Before taking amoxapine, tell your doctor if you have used an "SSRI" antidepressant in the past 5 weeks, such as citalopram (Celexa), escitalopram (Lexapro), fluoxetine (Prozac, Sarafem), fluvoxamine (Luvox), paroxetine (Paxil), or sertraline (Zoloft).

Tell your doctor about all other medicines you use, especially:

  • bupropion (Wellbutrin, Zyban);

  • cimetidine (Tagamet);

  • duloxetine (Cymbalta);

  • St. John's wort;

  • terbinafine (Lamisil); or

  • heart rhythm medications such as flecainide (Tambocor), propafenone (Rythmol), or quinidine (Quin-G).

This list is not complete and other drugs may interact with amoxapine. Tell your doctor about all medications you use. This includes prescription, over-the-counter, vitamin, and herbal products. Do not start a new medication without telling your doctor.

Where can I get more information?

  • Your pharmacist can provide more information about amoxapine.
  • Remember, keep this and all other medicines out of the reach of children, never share your medicines with others, and use this medication only for the indication prescribed.
  • Disclaimer: Every effort has been made to ensure that the information provided by Cerner Multum, Inc. ('Multum') is accurate, up-to-date, and complete, but no guarantee is made to that effect. Drug information contained herein may be time sensitive. Multum information has been compiled for use by healthcare practitioners and consumers in the United States and therefore Multum does not warrant that uses outside of the United States are appropriate, unless specifically indicated otherwise. Multum's drug information does not endorse drugs, diagnose patients or recommend therapy. Multum's drug information is an informational resource designed to assist licensed healthcare practitioners in caring for their patients and/or to serve consumers viewing this service as a supplement to, and not a substitute for, the expertise, skill, knowledge and judgment of healthcare practitioners. The absence of a warning for a given drug or drug combination in no way should be construed to indicate that the drug or drug combination is safe, effective or appropriate for any given patient. Multum does not assume any responsibility for any aspect of healthcare administered with the aid of information Multum provides. The information contained herein is not intended to cover all possible uses, directions, precautions, warnings, drug interactions, allergic reactions, or adverse effects. If you have questions about the drugs you are taking, check with your doctor, nurse or pharmacist.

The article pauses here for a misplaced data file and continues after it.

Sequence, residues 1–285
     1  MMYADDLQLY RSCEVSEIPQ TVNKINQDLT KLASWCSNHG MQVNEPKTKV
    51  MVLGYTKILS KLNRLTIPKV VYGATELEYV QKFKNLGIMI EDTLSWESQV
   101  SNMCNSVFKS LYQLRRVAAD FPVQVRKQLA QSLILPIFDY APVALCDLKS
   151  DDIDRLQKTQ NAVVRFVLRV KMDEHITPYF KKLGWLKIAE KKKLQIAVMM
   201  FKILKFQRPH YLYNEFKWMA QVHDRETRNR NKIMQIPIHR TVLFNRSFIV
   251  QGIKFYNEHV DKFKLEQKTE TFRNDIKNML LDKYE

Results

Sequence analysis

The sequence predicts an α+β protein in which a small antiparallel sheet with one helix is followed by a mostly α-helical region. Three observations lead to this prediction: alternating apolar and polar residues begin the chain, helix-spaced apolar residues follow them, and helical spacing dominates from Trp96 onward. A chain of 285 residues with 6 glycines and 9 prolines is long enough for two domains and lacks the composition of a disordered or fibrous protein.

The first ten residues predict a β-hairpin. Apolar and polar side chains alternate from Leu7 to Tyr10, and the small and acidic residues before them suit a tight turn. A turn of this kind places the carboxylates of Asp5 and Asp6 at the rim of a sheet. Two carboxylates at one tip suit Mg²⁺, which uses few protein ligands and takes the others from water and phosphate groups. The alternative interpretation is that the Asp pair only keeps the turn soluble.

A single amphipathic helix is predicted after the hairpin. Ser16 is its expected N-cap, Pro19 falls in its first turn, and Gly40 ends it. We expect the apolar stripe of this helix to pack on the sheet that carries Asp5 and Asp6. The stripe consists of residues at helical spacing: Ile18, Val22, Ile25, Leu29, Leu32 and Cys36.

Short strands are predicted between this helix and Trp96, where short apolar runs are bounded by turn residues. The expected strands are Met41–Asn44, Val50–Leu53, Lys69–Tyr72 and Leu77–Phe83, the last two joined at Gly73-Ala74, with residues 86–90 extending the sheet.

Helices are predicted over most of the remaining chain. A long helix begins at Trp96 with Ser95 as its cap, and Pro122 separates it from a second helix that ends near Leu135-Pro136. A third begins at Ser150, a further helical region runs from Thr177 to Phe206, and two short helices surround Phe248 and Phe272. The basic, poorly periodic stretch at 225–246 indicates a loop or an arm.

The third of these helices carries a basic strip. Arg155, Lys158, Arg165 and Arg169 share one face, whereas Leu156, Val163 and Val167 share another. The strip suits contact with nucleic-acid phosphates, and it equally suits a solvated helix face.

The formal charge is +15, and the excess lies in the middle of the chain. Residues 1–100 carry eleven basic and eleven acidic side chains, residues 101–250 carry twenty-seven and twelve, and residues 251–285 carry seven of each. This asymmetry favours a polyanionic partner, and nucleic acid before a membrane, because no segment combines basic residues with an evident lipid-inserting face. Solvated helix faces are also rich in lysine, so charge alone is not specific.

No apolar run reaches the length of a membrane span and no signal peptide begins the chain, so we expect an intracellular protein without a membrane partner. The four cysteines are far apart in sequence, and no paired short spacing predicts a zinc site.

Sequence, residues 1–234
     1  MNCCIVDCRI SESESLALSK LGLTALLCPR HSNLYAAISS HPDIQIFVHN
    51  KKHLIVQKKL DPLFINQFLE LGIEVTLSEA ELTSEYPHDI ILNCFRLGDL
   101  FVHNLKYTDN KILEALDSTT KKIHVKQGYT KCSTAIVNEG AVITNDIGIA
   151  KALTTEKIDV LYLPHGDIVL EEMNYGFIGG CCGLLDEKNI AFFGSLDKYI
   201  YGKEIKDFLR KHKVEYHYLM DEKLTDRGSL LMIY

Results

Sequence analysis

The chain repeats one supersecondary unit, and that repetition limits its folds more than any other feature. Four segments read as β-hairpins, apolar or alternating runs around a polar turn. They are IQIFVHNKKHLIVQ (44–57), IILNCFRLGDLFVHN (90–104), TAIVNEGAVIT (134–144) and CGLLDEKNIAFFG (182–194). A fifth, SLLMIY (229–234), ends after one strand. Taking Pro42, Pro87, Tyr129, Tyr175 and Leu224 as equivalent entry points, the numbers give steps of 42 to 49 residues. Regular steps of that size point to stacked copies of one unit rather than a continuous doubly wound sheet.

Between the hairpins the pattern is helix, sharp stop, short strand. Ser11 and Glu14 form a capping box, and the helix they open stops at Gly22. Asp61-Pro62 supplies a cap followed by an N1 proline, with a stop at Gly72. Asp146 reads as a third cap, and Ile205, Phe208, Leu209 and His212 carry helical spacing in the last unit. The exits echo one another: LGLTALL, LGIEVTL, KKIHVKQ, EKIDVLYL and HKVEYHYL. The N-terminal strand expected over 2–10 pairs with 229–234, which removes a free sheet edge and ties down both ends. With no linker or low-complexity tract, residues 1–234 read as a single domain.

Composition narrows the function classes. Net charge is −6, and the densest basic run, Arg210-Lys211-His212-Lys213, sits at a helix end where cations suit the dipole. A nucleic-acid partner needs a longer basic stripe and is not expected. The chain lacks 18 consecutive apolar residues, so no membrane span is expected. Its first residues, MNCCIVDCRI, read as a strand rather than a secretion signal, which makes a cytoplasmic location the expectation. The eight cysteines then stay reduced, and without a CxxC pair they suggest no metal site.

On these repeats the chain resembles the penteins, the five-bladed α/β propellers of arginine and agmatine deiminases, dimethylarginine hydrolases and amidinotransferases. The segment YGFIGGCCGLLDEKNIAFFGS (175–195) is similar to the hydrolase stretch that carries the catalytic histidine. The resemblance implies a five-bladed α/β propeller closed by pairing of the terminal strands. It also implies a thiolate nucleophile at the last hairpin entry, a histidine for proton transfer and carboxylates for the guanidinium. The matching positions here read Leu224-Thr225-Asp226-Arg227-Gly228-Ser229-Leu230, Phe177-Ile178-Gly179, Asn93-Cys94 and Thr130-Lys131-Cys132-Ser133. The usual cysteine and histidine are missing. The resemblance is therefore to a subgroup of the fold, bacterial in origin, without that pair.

Copyright 1996-2012 Cerner Multum, Inc. Version: 9.01. Revision Date: 2012-10-23, 1:07:47 PM.